Kenyatta University Researchers Partner to Improve the African Indigenous Vegetables (AIV) Value Chain.

Global food security is one of the biggest challenges today more so due to its close relation with poverty, it has thus became a subject of many public debates with the aim of finding sustainable resolutions, among the possible solutions under consideration is the firming up of the horticultural sector which has the potential to foster improvement of the nutritional status and increase incomes among vulnerable people. In Kenya as well as in neighboring countries, majority of the population are unable to meet their daily nutritional requirements, despite a good number of them depending on farming. Horticultural crops, particularly leafy vegetables, provide essential nutrients lacking in the diet of millions. Additionally, horticulture being largely labor-intensive it stands to be provide employment opportunities to many.

 “In order to improve the current nutritional status of the population of rural and peri-urban regions of Kenya, promoting a more balanced diet by increasing the consumption of fresh and optimally processed African Leafy Vegetables (ALV) is advisable


Horticultural Innovations and Learning for Improved Nutrition and Livelihood in East Africa (HORTINLEA) is an interdisciplinary research consortia funded by the German Ministry of Education and Research aimed at addressing food security in East Africa, particularly in Kenya. Nineteen universities and research institutions in Kenya, Tanzania and Germany have collaborated to add value from their academic excellence and expertise. The overall goal of the consortium is to improve the livelihood and nutritional situation of the rural and urban poor. Focusing on horticulture and leafy vegetables, HORTINLEA seeks to meet the pressing challenges of malnutrition, poverty and sustainability by adopting an integrated approach which combines poverty, environmental and gender concerns as well as encompasses the entire value chain from production to marketing and consumption of leafy vegetables.

Kenyatta University is Part of this Great Initiative

Under this Project we has been able to train 75PhD, 60% being Kenyans and therefore contributing to the Kenya Government efforts of ensuring 1000 PhDs are trained per year in order to improve quality of University education. Prof. Waceke 



Prof. Waceke Wanjohi, Dean, School of Agriculture and Enterprise Development and a member of the HORTINLEA Executive Board was involved in the development and successful establishment and funding of this initiative in 2014 and is the principal investigator in one of the 14 subprojects entitled ‘Development of Integrated Pest Management Strategies for the Production of Important Vegetable Crops in Kenya’. The overall aim of this sub project is to develop integrated pest and disease control strategies for increased yield and to ensure crop quality. The project seeks to develop sustainable management strategies for a) Root-knot Nematode pests, viruses and phytoplasmas on African nightshades, b) cowpea insect pests and c) insect pests and diseases on leafy indigenous vegetables in Kenya. The projects expected outputs will increase knowledge, develop adequate management strategies and affordable solutions, which will improve vegetable production and further increase income opportunities and access to nutritive vegetables. This project is in collaboration with Humboldt-University Berlin (HUB), International Centre of Insect Physiology and Ecology (ICIPE), Leibniz Institute of Vegetable and Ornamental Crops (IGZ), Leibniz University Hannover (LUH) and Jomo Kenyatta University of Agriculture and Technology (JKUAT).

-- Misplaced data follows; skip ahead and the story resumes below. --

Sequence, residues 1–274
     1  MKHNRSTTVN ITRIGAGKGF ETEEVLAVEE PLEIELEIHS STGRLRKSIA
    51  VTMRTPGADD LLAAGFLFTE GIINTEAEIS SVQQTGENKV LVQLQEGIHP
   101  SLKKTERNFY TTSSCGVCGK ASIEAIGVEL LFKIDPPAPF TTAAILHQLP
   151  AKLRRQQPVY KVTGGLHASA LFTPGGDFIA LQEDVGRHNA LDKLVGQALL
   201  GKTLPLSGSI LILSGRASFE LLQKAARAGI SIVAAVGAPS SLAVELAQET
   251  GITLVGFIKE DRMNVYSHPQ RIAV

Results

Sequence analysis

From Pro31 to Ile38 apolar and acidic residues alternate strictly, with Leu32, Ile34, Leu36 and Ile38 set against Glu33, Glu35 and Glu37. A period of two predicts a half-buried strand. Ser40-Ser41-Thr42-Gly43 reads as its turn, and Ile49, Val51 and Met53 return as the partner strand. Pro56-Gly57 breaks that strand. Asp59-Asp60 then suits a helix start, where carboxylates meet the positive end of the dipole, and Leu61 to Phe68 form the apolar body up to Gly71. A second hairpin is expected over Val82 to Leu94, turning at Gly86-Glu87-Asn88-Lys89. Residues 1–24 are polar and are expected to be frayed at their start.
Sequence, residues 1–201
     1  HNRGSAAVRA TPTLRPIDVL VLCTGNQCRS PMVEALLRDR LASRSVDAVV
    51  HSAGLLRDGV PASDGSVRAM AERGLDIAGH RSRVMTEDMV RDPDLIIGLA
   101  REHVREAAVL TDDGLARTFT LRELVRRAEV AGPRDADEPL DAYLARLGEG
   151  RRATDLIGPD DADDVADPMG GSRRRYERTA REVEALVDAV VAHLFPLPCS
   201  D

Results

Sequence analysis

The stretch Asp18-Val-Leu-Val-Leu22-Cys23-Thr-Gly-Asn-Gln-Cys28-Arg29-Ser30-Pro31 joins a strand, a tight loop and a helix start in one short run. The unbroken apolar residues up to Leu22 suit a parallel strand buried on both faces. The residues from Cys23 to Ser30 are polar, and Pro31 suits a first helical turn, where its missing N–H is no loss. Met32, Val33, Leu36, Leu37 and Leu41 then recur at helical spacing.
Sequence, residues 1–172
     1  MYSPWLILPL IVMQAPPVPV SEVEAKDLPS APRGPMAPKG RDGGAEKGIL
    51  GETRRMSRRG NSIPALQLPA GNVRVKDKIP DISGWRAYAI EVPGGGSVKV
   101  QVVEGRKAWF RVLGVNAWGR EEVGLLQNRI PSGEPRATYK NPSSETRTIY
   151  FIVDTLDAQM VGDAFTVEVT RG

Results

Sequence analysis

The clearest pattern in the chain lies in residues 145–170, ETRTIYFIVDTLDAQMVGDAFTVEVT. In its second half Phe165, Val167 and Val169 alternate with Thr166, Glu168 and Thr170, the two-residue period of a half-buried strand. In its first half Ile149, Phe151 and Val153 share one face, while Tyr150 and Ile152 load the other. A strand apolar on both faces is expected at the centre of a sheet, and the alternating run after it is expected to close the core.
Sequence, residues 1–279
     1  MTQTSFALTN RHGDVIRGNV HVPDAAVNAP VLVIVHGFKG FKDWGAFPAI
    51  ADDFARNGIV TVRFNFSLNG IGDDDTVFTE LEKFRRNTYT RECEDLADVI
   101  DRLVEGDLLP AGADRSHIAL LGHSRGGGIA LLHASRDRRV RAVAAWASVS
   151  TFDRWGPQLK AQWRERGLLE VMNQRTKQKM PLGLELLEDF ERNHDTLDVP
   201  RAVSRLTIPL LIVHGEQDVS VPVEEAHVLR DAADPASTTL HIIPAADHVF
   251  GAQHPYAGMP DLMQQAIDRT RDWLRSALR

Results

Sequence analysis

Prevention is the best method to protect the environment from contamination by heavy metals


Dr. Joseph Gweyi, a senior lecturer in the Department of Agriculture Science and Technology, alsopartnered with HORTRINLEA to provide knowledge on the current status of soil fertility management and to identify possible constraints for vegetable production in the peri-urban area of Nairobi due to mineral nutrients, soil organic matter (contents and heavy metals). The sub-project titled ‘Crop-specific carbon and mineral element fluxes for sustainable soil fertility and nutrient management in horticultural production systems’,aims to determine and analyze the current status and sources of heavy metal contamination of vegetables, and of crop specific plant traits regulating heavy metal contamination.  The projects expected outputs will serve as a basis for series of options and locally tailored recommendations for integrated Soil organic matter and nutrient management in horticultural production systems, and avoidance of heavy metal hazard of vegetable consumers. This project is in collaboration with partners from Humboldt-University Berlin (HUB), Jaramogi Oginga Odinga University of Science and Technology (JOOST) and Egerton University.


The joint research project HORTINLEA is funded within the framework of the Programme GlobE – Global Food Security by the German Federal Ministry of Education and Research (BMBF) and the German Federal Ministry of Economic Cooperation and Development with a grant of up to 7.5 million Euros over five years.

Research by:

Prof. Waceke Wanjohi
Dean, School of Agriculture and Enterprise Development
Kenyatta University

Dr. Joseph Gweyi
Department of Agricultural Science and Technology
Kenyatta University